Opt for Natural Household Products
While we’re on the subject of cleaning, as mentioned earlier, some household products, like cleaning sprays, deodorants, and cosmetics, contain VOCs, which release airborne contaminants. With that in mind, before carrying out a deep clean, it’s wise to replace your cleaning products – so you don’t release more of the contaminants that you’re trying to clear into the air!
Instead, opt for products that don’t contain VOCs. Fortunately, lots of environmentally friendly and health-conscious companies are committed to tackling the problem of releasing airborne pollutants into the air and manufacturing products that are VOC-free – or at least low-VOC. Looking for products that are labelled as non-toxic, eco-friendly, or natural is a good bet. However, if you want to be more thorough you can look out for chemicals like ethylene glycol, formaldehyde, benzene, and other VOCs listed above.
Letting in more fresh air can help remove airborne contaminants lingering in your indoor air, as well as excess moisture. The simplest way to achieve this is to get in the habit of opening your windows more often. If you live in a cooler environment and don’t fancy getting cold, open your windows when you’re not in the room to allow unpolluted air to circulate.
Naturally, this only applies if you live in an area with relatively clean outside air; if you live by the main road or close to an industrial estate, for example, regularly opening windows could make the problem worse. In such cases, it’s wise to invest in an air filter to combat the problem of both contaminated indoor and outdoor air.
Alternatively, you could install an HVAC or AC system in your home to improve ventilation mechanically. These will systematically push out stagnant, polluted air while replacing it with fresh air. Now, if you already have a ventilation system of some kind and still suspect you have poor air quality, it could do with some maintenance. This could include repairing leaks or clearing vents or filters of built-up dust – both of which would improve its efficiency. Similarly, extractor fans are an excellent way to improve ventilation and prevent mould growth in rooms with a lot of moisture like your kitchen, bathrooms, and laundry room.
Block Outdoor Pollutants from Entering Your Home
Often, poor indoor air quality is caused by outdoor contaminants like pollen and mould. The best way to eliminate them is to not let them into indoor spaces in the first place. Ensuring your doors and windows are properly sealed not only creates a protective barrier against outdoor but also helps regulate the temperature and humidity within the space. Fortunately, home supply or DIY stores sell a variety of inexpensive sealants and fillers for repairing cracks and gaps in window and door frames.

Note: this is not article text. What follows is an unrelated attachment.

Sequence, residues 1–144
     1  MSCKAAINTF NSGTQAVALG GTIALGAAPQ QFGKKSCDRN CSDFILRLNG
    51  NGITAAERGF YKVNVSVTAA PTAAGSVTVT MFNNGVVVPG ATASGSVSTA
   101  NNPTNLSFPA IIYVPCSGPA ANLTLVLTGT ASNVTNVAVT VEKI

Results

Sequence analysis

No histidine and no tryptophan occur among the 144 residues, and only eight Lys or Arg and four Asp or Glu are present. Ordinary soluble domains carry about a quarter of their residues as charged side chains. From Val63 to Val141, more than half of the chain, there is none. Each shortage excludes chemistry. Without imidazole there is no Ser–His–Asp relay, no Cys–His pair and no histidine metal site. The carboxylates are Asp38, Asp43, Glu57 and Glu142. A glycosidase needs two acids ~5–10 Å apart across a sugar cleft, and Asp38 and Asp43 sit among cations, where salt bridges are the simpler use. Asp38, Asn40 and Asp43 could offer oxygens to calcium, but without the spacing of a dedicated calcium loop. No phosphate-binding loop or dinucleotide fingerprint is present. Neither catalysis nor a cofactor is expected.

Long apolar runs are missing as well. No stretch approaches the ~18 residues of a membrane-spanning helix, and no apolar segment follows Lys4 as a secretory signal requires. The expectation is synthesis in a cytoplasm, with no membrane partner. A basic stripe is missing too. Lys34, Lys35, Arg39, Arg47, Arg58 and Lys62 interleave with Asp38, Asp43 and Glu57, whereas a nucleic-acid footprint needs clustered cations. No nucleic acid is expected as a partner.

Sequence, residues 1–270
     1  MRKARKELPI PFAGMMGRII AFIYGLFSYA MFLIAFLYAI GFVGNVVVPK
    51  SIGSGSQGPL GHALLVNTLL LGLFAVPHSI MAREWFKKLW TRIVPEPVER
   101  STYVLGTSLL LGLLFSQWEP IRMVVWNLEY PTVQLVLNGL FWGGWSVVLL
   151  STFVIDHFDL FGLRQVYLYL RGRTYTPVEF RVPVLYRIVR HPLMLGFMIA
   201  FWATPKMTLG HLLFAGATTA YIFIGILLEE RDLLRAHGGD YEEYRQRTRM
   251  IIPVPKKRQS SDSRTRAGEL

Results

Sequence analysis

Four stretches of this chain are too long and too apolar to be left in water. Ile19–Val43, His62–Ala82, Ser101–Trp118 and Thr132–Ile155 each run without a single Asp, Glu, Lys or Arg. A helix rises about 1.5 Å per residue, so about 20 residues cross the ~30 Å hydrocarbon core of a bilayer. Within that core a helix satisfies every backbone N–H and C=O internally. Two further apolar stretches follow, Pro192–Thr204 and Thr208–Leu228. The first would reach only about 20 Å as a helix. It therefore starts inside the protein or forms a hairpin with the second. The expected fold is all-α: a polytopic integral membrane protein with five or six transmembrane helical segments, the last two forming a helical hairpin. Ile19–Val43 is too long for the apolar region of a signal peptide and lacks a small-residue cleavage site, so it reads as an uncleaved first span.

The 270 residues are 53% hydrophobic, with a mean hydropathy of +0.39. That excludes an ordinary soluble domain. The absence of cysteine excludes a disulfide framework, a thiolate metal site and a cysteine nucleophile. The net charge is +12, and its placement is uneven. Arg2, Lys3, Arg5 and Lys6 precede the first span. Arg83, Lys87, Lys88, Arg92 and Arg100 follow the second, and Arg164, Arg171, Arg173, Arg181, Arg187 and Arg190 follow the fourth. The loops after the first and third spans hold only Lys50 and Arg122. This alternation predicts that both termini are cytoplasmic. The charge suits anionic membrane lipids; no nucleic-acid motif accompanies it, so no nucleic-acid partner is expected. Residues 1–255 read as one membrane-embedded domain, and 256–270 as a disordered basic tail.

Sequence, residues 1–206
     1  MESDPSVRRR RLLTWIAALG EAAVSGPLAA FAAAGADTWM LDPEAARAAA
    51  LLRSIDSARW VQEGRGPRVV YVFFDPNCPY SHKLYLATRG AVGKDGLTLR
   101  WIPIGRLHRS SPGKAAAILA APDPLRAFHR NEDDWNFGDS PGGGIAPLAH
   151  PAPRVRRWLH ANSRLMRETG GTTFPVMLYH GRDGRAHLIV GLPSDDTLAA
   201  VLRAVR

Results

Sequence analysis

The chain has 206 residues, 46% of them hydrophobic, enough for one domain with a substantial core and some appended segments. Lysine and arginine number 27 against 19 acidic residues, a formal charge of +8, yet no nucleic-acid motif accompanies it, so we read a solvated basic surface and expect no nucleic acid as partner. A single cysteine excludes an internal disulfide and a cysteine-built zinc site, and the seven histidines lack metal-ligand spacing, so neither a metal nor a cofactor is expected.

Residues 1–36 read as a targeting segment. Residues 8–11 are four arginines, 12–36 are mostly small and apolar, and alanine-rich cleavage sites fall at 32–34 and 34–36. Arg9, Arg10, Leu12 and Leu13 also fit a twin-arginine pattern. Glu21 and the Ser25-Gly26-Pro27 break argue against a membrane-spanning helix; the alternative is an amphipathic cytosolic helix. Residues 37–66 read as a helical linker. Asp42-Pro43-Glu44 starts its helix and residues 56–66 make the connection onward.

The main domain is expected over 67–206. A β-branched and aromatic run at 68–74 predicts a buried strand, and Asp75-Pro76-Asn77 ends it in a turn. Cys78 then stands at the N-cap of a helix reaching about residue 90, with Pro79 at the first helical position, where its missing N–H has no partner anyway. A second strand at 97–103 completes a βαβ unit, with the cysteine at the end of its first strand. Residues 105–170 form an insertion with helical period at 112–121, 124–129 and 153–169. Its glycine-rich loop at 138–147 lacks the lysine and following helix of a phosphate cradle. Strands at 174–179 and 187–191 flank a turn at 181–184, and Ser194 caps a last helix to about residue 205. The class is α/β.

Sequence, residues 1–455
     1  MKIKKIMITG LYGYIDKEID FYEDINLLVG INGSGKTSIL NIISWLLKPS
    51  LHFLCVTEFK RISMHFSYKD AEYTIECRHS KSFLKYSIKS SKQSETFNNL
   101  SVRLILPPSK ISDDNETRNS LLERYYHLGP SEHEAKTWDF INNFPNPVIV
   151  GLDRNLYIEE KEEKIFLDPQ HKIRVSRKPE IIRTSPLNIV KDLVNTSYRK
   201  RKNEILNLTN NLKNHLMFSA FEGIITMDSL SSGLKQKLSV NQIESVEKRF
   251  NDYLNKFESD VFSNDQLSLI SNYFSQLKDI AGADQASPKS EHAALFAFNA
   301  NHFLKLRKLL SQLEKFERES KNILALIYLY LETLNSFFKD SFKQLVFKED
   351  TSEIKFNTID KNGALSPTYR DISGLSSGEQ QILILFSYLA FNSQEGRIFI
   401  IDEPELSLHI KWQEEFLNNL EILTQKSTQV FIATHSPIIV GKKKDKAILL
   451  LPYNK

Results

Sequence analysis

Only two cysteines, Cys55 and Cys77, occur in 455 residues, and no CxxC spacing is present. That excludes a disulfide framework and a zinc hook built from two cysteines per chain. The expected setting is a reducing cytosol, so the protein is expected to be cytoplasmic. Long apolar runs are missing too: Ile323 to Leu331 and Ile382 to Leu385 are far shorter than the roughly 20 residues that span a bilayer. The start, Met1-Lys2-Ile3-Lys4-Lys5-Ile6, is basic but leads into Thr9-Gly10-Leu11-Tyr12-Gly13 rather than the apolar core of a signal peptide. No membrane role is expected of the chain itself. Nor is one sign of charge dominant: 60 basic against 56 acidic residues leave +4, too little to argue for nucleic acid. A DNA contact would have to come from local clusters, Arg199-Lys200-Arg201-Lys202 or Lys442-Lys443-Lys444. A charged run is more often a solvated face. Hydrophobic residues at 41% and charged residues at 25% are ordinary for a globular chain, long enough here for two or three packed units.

Additionally, some outdoor pollutants can also be transported indoors on our clothing and shoes. To combat this, clean and remove footwear before entering your home and give your outer layers of clothing a good shake. If you have an area between the front door and the house, fit it with shoe racks and coat hooks for storage. That way, you won’t unknowingly bring outdoor contaminants into the main part of your home or workplace.
Control Indoor Humidity And Temperature
Mould and other harmful bacteria thrive in damp, warm environments, so it’s crucial to regulate the humidity and temperature of your indoor spaces to maintain good air quality. As mentioned above, properly sealing doors and windows greatly assist in this and has the added benefit of being easy and inexpensive.
Naturally, an AC system is another common method of controlling your indoor humidity and temperature. However, if you already have one in your home or workplace and still have hot spots in which mould is growing, you may need to look into having it repaired or maintained, as it may not be distributing air properly.
Also, depending on the climate where you live, you could benefit from a humidifier or dehumidifier. It’s best to maintain an indoor humidity of between 30 and 50% – but no more than 60%. While too much humidity can encourage mould growth, in contrast, too little humidity can irritate your nose and throat, make your skin dry and, long term, result in the development of respiratory issues.
So, to sum up:
- Our air quality has a significant impact on our overall health and because we spend around 90% of our time inside, our indoor air needs to be clean.
Factors that affect indoor air quality include:
- mould microbes
- chemicals: volatile organic compounds (VOCs)
- poor ventilation
- Signs you have poor indoor air quality include:
- dust buildup
- stagnant (bad-smelling) air
- hot and cold spots
- 5 tips for improving your air quality:
- Carry out a deep clean
- Use natural cleaning products (free of VOCs)
- Improve ventilation
- Block outdoor pollutants from entering your home
- Control your indoor temperature and humidity
If you’d like some expert advice on the best ways on how to improve your indoor air quality – such as carrying out maintenance on your HVAC or AC system – contact us to talk it through – and for a free, zero-pressure quote.